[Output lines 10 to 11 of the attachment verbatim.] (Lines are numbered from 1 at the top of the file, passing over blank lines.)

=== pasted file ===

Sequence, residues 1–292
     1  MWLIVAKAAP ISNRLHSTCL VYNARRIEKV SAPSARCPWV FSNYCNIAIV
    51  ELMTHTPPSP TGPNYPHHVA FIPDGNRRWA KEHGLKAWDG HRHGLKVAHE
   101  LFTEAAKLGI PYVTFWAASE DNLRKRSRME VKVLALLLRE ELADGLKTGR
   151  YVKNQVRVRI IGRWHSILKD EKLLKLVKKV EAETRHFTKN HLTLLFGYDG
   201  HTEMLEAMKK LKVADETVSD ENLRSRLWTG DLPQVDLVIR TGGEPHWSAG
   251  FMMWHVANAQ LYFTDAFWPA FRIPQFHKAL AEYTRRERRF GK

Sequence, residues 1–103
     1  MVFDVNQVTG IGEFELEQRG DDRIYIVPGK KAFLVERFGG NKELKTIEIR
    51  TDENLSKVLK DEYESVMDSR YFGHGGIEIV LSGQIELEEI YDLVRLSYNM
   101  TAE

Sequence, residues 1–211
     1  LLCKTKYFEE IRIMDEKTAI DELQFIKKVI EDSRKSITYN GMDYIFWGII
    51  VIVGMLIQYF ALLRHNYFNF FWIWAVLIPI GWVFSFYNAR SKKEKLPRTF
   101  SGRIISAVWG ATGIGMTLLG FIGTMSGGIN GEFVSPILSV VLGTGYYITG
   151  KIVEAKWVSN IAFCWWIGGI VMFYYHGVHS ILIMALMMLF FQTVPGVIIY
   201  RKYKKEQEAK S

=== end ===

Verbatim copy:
    51  TDENLSKVLK DEYESVMDSR YFGHGGIEIV LSGQIELEEI YDLVRLSYNM
   101  TAE